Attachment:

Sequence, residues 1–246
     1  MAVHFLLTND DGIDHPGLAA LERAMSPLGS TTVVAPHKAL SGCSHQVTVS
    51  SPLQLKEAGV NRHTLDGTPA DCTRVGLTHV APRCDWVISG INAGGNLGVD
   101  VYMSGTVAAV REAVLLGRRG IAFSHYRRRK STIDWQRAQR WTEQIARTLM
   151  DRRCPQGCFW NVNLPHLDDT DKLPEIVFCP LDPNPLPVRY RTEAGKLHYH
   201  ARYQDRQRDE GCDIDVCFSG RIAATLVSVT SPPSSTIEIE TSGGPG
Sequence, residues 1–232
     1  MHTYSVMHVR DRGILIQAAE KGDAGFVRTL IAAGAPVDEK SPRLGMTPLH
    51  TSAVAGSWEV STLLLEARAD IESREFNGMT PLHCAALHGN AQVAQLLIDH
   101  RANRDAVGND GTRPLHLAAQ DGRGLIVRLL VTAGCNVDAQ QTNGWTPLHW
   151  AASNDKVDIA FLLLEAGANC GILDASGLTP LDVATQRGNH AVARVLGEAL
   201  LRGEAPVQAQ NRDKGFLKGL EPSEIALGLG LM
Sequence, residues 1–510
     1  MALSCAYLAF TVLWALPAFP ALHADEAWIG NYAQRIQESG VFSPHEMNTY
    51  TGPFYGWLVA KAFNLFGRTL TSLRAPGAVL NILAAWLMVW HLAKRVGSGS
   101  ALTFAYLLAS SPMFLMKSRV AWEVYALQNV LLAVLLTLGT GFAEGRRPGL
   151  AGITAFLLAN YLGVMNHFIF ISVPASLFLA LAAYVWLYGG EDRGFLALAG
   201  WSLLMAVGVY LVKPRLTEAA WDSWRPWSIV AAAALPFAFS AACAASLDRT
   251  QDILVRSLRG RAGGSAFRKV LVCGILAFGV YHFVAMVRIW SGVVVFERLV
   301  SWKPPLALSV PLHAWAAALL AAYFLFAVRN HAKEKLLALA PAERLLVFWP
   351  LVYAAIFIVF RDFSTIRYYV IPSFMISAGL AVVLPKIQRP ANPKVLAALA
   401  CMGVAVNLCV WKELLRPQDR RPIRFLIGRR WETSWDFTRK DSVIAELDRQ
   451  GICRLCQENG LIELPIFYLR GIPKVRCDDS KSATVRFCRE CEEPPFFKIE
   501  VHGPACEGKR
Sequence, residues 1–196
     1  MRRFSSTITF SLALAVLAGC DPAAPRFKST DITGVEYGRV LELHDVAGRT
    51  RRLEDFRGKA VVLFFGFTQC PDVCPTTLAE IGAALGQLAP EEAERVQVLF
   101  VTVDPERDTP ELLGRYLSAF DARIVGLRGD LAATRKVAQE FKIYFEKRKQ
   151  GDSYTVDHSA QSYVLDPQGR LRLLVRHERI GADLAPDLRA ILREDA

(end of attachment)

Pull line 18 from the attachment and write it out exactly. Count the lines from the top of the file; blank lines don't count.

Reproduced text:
   201  WSLLMAVGVY LVKPRLTEAA WDSWRPWSIV AAAALPFAFS AACAASLDRT